but… all it takes is a combination of factors all coming together. I’ll go out on a limb here and guess that the weather was a little rough so the pilot added ten or fifteen knots because it felt good on approach. Then maybe he was a little high – it happens in the rain because rain changes the optics especially at night – then the wind backed and all of a sudden he’s floating down the runway and the sucker isn’t touching down. Go around or no? Yes? No? Might be okay?

Cockpit Culture is a Killer

Co-pilot starts sitting up, sweat starts, but he doesn’t want to say “Recommend abort” because some senior Captains get real touchy about some wet-behind-the-ears punk telling them they are a little high, long and fast. So the co-pilot said nothing until it didn’t matter anyway. The cockpit culture prevented him from saying something to save the day when they were floating down the runway eating up what little safety margin they had with only 7,000 feet.

I’ll guess again and say that they probably had auto-deployment set on the spoilers. This is a little killer that is supposed to make for smoother touch-downs and no-bounce landings. The moment the wheels take a little weight, out pop the spoilers to kill the lift on the wing and start to slow the aircraft. The problem is that auto-deployment removes control from the pilots and commits the aircraft to a ground roll and landing when someone in the cockpit might have changed their mind. Five seconds is a lifetime to retract the spoilers and get some lift going again.

So the Boeing floated for a bit – a little fast and a little high and then it touched down way too late.

And all of a sudden the aircraft is down and both pilots know it’s going to be close. Now that tyre on the starboard side that everybody decided was okay for a couple of more landings isn’t performing so well in the rain. The grooves are gone and with little tread it’s hydroplaning even when its mate is okay. Full reverse thrust – brakes doing their best and spoilers deployed to put the weight on the wheels – but reverse thrust is only a small part of what stops an aircraft. Any pilot will tell you it’s really all about the brakes and tires and pavement condition. Reverse thrust doesn’t count when the pucker factor is operating.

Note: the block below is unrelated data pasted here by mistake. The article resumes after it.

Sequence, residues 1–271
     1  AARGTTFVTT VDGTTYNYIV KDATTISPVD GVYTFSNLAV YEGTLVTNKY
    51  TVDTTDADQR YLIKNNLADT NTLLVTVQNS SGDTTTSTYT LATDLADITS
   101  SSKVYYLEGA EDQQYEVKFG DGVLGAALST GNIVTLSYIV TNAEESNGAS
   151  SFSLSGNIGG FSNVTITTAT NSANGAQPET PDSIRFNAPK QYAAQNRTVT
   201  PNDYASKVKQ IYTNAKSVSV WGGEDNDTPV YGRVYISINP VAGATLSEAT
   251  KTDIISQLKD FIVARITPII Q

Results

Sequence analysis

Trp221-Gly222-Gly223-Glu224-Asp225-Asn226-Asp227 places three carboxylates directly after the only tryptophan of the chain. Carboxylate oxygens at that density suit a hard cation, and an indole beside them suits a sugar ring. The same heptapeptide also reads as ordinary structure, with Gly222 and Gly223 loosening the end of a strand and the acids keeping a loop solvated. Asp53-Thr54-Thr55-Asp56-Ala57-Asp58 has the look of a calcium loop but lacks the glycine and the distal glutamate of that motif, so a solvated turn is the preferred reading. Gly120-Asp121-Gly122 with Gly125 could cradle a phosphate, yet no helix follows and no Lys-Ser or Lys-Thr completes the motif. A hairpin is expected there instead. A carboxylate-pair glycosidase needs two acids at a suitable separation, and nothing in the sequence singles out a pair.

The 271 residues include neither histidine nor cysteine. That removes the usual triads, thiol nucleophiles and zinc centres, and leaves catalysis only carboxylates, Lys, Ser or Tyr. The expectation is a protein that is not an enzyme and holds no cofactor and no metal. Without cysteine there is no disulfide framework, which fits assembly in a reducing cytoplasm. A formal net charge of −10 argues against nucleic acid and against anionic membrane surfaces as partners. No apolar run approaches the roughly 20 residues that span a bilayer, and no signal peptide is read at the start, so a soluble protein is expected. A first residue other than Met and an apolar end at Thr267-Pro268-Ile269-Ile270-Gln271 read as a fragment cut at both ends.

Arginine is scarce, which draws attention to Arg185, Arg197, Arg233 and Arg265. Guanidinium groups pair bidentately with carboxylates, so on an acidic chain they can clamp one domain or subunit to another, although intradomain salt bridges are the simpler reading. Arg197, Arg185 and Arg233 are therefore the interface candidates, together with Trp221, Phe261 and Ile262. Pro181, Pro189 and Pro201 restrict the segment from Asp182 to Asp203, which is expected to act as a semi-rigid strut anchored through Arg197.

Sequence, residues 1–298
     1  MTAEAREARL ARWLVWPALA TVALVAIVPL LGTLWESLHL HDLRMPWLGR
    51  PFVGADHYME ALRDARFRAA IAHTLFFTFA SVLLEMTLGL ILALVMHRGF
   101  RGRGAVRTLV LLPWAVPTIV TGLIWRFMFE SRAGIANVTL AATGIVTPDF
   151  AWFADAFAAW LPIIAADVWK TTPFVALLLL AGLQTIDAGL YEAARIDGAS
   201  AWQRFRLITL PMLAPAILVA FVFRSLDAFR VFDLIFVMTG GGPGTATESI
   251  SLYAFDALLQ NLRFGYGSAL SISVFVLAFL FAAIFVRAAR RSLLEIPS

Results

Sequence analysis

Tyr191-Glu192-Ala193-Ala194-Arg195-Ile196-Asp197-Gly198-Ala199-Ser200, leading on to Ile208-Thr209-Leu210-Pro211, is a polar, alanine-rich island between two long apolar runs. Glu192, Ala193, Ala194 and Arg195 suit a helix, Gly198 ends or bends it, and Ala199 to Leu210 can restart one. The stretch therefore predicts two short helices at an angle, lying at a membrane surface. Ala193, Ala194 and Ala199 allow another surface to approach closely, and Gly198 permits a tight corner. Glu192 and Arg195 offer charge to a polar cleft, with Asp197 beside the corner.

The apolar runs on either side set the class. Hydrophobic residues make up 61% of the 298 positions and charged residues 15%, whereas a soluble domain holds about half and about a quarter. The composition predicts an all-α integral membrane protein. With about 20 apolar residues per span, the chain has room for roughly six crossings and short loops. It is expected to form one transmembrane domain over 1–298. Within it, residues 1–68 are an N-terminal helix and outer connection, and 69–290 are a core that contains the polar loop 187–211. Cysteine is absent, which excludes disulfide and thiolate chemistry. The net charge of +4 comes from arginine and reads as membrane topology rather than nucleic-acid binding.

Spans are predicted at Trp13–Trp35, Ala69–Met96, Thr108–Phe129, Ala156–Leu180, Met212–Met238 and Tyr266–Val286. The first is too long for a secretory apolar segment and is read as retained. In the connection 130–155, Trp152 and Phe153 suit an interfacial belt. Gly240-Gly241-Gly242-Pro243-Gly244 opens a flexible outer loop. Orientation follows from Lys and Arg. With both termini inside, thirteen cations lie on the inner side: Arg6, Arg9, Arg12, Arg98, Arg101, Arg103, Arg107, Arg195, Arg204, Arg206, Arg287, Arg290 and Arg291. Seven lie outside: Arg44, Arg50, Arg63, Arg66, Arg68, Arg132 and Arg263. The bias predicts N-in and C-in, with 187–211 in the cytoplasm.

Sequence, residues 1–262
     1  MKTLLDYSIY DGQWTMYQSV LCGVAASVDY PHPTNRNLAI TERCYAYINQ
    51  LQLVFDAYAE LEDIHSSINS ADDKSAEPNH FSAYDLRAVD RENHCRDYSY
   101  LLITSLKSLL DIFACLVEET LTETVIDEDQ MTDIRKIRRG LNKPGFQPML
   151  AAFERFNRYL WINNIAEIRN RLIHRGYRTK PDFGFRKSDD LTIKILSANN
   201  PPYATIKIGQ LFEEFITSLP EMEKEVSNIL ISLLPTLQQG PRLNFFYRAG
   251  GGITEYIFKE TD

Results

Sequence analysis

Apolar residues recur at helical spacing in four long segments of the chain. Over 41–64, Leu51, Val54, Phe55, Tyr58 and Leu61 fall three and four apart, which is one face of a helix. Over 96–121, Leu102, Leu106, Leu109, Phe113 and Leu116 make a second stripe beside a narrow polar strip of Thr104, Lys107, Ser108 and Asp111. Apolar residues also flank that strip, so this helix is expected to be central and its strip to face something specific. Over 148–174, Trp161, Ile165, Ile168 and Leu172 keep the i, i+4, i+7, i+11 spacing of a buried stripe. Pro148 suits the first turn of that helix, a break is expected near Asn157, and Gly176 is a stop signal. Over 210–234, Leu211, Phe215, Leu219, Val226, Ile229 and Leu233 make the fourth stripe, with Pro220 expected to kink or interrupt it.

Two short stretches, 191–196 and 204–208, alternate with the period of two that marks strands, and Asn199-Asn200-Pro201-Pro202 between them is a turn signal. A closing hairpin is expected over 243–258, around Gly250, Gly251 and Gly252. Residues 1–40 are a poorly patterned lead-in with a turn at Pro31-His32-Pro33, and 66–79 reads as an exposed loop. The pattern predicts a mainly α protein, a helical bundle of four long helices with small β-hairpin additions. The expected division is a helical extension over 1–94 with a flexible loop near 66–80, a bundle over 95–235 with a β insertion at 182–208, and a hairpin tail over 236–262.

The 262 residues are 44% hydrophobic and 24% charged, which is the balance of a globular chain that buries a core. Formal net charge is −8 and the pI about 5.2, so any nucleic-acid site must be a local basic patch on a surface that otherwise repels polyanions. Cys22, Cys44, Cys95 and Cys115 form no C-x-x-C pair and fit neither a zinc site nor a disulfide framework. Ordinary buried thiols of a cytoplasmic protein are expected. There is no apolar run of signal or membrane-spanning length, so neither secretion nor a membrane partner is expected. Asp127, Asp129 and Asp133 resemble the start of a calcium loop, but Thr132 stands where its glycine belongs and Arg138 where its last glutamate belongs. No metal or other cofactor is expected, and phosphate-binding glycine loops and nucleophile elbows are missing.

And momentum. It’s all about inertia and momentum and they lost. Truth be known, it was probably a done deal before the wheels kissed the wet pavement and both jocks were thinking “It’s probably going to be okay.” They didn’t want to be embarrassed by going around again, so they gambled and they lost. Fools. How embarrassed are they now? Macho fools.

Did they try and go around too late or not at all? I don’t know – but Thank God there was no fire because the smoke eaters didn’t arrive until ten minutes after the aircraft ran off the end of the runway and broke up.

Some of the passengers paid to take taxis back to the terminal after the crash. CAN YOU F**KING IMAGINE THAT?

Our friend “Tom” sent us a little message and he makes a major point about 250 hour co-pilots sitting in the right seat. Do you really think a 250 hour wonder will inform a 15,000 hour Captain that he’s a little high and fast? Shut your mouth! Not going to happen.

by BFP’s Robert

REDjet looking good!

by BFP reader “Tom”

Looks like some people might start flying REDjet after the big bully next door ‘scraped his knee’ … thankfully all are well on CAL708.